Treatment options include medical management with NSAIDs, surgical excision (wide/enbloc excision or curetting), or the use of CT- or MRI-guided minimally invasive procedures including core drill excision, laser photocoagulation, or radiofrequency ablation. For many years, complete surgical excision was the classic treatment of osteomas, usually performed in patients with pain despite medical management. Complete surgical excision has several disadvantages. A substantial incision may be necessary and removal of a considerable amount of bone (especially in the neck of the femur), increasing the need for bone grafting and/or internal fixation (which often necessitates a second procedure to remove the metal work). Other possible risks include avascular necrosis of the femoral head and postoperative pathologic fracture. In addition, surgical excision leads to a lengthier period of convalescence and postoperative immobilization. Anatomically inaccessible tumors may not be completely resectable and may recur. RFA of osteoid osteoma is done with a needle puncture, so there is no incision or sutures needed, and patients may walk on the treated extremity immediately and return to daily activities as soon as the anesthetic effect wears off. The risk of recurrence with RFA of an osteoma is 5–10%, and recurrent tumors can be retreated with RFA. In general, RFA is not performed in many spinal osteomas because of possible thermal-related nerve damage.
Bone Metastases. After lung and liver, bone is the third most common metastatic site and is relatively frequent among patients with primary malignancies of the breast, prostate, and lung. Bone metastases often cause osteolysis (bone breakdown), resulting in pain, fractures, decreased mobility, and reduced quality of life. External beam irradiation often is the initial palliative therapy for osteolytic bone metastases. However, pain from bone metastases if refractory to radiation therapy in 20% to 30% of patients, while recurrent pain at previously irradiated sites may be ineligible for additional radiation due to risks of normal tissue damage. Other alternatives include hormonal therapy, radiopharmaceuticals such as strontium-89 and bisphosphonates. RFA has been investigated as another alternative for palliating pain from bone metastases.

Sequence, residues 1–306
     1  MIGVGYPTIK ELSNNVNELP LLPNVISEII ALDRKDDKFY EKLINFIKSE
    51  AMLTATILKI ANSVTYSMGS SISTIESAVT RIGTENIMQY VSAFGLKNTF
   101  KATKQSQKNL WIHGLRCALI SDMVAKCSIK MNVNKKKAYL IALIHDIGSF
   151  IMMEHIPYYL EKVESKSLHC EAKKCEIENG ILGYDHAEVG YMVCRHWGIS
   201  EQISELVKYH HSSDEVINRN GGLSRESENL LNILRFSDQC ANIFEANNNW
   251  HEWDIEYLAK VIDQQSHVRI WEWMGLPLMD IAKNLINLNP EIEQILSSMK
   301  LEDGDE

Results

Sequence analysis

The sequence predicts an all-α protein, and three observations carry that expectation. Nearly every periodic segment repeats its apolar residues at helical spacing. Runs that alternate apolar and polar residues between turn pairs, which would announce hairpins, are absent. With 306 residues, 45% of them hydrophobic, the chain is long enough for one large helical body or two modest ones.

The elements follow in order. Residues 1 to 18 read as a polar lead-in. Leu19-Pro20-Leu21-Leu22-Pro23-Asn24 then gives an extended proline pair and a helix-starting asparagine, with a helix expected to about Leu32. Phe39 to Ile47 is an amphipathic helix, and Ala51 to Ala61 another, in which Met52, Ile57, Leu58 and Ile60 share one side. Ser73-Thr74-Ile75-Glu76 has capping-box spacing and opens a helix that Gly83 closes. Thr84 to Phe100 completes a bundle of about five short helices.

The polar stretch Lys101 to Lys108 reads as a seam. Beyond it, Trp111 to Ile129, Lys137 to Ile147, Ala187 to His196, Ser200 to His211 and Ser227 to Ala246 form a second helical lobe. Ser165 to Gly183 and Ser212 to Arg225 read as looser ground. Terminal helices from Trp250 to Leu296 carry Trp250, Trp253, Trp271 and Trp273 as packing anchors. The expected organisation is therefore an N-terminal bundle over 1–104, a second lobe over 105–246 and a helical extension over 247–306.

Head and neck cancer. In patients with head and neck cancer with recurrent disease, surgical salvage attempts are poor in terms of local control, survival and quality of life, and these recurrent tumors are often untreatable with standard salvage therapies. Palliative chemotherapy or comfort measures may be offered. The safety and efficacy of RFA has been investigated as an option for palliative treatment in these situations.
Other related medical policies are Stereotactic Radiosurgery and Stereotactic Body Radiation Therapy and Cryosurgical Ablation of Miscellaneous Solid Tumors Other Than Liver, Prostate, or Dermatologic Tumors.
POLICYRadiofrequency ablation may be considered medically necessary to palliate pain in patients with osteolytic bone metastases who have failed or are poor candidates for standard treatments such as radiation or opioids.
Radiofrequency ablation may be considered medically necessary to treat osteoid osteomas that cannot be managed successfully with medical treatment.
Radiofrequency ablation may be considered medically necessary to treat localized renal cell carcinoma that is no more than 4 cm in size when either of the following criteria are met: